Throughout American history, the tenacity that women advocates have shown in combating systematic inequities has proved to be an invaluable source of inspiration for each successive generation of health care activists. The significance of this legacy is well-captured in a quote from the late Dr. Gerta Lerner, an esteemed scholar of Women’s History, and a lifelong advocate for women’s rights: “Women’s history is women’s right — an essential, indispensable heritage from which we can draw pride, comfort, courage, and a long-range vision.”
This sentiment rests at the heart of what makes reflecting on women’s history in America so important, and accordingly, it was directly quoted by President Jimmy Carter in 1980 when he dedicated a week in March to the study of this history — which was soon expanded to a month.
As we, in turn, seek to find inspiration in the legacy of health care activism and accomplishment during Women’s History Month, it is important to embrace Dr. Lerner’s words by striving to properly recognize the many systematic challenges women have faced, and have overcome, in confronting health inequality in our country.
These systemic challenges were present when Mabel Keaton Staupers, an African-American nurse, began her career at a time when nursing opportunities were highly segregated; and she overcame those challenges with her activism and steadfast refusal to accept the evils of segregation as a permanent fact. In large part through her courage and leadership, nurses from all ethnicities are now able to join the U.S. Army and the American Nurses Association — an important step in expanding representation among providers and thus curbing implicit biases in health care.
They were overcome once again when Dr. Antonia Novello shattered the glass ceiling and became the first woman, and Hispanic, U.S. Surgeon General in 1990. Throughout her tenure, Dr. Novello committed herself to breaking down many of the barriers that prevent women, children, and minorities from accessing equitable care.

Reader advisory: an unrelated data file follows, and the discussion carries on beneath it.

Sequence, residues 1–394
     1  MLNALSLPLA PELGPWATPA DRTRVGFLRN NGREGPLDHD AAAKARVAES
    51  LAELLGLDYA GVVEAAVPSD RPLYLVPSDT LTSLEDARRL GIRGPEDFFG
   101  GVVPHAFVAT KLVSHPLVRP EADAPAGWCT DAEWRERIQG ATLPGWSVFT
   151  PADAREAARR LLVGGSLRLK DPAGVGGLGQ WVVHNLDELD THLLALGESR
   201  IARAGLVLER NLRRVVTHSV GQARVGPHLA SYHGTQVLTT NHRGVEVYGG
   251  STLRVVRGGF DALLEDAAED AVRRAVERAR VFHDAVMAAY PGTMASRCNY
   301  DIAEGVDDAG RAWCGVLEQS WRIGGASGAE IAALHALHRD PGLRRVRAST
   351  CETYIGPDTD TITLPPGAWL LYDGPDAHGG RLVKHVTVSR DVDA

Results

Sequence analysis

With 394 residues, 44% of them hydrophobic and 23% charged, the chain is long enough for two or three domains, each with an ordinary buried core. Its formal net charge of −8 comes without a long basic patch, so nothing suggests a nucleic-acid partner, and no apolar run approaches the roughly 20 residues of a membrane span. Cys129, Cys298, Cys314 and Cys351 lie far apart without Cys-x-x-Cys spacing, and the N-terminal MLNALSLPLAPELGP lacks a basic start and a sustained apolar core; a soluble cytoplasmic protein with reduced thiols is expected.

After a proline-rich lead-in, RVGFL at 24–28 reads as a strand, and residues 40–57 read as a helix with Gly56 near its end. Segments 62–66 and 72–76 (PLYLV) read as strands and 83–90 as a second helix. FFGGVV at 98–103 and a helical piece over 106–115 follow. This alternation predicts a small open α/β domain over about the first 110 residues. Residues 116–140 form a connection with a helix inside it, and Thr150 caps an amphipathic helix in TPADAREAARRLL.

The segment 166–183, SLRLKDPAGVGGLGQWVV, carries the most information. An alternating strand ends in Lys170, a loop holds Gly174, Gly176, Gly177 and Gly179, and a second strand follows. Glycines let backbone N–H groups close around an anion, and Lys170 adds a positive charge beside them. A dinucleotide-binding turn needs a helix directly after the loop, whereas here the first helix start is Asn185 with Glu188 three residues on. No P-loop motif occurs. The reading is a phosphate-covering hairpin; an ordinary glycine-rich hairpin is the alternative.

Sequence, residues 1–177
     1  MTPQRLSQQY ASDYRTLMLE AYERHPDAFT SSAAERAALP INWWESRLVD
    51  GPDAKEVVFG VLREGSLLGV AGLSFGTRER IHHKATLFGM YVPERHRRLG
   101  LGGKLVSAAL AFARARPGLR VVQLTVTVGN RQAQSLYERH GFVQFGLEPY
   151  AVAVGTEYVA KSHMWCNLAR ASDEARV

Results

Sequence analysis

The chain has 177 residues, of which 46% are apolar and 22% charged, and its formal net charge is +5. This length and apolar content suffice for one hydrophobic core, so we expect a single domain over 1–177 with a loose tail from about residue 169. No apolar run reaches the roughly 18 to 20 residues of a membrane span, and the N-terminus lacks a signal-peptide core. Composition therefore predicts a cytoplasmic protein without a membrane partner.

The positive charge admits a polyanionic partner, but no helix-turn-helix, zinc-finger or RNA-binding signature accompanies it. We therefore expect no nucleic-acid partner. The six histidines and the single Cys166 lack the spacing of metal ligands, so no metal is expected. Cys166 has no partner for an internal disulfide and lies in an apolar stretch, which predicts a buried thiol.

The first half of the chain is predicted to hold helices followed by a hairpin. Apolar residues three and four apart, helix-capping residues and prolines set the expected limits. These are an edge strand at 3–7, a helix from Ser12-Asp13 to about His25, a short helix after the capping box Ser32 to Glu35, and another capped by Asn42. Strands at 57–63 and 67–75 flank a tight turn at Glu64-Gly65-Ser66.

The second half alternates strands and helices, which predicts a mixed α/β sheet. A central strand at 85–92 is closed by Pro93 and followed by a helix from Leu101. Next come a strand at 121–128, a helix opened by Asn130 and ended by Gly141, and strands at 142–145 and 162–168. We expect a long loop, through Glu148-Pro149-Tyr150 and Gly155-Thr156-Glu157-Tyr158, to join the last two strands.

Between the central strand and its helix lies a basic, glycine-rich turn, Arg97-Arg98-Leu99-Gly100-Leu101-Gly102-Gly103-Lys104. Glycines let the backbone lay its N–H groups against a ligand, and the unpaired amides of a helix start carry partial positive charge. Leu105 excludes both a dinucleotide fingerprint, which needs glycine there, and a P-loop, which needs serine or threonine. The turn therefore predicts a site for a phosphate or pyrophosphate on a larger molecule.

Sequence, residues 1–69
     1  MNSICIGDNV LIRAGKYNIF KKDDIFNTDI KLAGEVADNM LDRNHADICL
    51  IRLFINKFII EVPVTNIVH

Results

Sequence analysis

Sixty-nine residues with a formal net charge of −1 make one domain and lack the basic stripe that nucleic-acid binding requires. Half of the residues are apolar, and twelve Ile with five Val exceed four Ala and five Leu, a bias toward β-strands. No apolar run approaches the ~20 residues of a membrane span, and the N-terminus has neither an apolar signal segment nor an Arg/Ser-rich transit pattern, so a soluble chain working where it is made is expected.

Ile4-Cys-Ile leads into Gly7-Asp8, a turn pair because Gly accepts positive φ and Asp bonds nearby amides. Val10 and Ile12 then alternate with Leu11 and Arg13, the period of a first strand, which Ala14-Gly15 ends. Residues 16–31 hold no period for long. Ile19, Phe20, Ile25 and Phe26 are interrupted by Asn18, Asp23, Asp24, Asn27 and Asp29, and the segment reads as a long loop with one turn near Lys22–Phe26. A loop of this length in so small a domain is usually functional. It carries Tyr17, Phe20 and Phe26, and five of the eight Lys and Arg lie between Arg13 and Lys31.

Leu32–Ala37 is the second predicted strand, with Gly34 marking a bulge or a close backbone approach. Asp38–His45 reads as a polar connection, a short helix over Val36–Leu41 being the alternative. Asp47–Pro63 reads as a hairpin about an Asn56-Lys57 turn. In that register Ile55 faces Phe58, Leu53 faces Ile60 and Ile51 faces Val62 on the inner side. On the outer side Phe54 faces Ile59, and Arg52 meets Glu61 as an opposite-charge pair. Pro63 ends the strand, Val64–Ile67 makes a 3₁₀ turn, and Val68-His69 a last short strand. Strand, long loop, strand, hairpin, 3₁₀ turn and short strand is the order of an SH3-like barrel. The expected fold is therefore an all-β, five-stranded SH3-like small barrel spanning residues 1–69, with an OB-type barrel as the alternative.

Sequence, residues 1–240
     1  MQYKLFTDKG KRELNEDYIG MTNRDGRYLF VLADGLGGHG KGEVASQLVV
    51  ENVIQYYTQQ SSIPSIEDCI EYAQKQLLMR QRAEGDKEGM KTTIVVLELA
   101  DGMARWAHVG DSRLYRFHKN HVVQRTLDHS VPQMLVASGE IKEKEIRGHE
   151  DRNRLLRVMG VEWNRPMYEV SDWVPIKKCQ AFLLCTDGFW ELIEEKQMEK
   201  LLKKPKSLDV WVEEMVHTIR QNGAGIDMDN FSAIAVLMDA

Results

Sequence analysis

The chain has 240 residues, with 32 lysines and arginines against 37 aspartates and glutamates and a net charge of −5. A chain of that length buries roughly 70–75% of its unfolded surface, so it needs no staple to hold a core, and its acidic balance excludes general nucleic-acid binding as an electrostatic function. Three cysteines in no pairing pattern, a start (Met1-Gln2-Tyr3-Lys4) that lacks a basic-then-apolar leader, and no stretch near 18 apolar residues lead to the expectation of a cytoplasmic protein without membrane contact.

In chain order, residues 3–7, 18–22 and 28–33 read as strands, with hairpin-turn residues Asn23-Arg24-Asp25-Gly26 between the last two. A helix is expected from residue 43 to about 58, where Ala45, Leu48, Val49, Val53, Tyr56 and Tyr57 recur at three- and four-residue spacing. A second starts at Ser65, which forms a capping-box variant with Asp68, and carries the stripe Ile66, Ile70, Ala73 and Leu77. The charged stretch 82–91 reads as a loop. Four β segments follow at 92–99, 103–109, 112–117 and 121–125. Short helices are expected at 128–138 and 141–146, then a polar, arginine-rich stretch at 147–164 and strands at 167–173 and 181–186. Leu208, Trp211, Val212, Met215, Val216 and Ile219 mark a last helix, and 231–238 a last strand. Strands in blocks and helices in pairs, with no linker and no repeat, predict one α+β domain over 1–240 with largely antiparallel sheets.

Looking to the present day, it is abundantly clear that iterations of these systemic challenges persist. Disgracefully, for example, the medical profession continues to overlook and underdiagnose illnesses that primarily affect women, such as endometriosis. Women are still severely under-represented in drug testing trials as well, with one 2011 study of several federal clinical trials in 2009 finding that the median enrollment of women was roughly 37 percent.
Yet, if we are committed to following the example set by generations of health leadership from women activists, challenges like these will end up as relics of history as well. Our country is blessed with many organizations that share this commitment to health equity; organizations such as the Black Women’s Health Imperative, which has done invaluable work in making sure that black women receive the HIV awareness resources they need – among other achievements. With allies such as these, the future of health equity for women in the United States looks brighter than ever.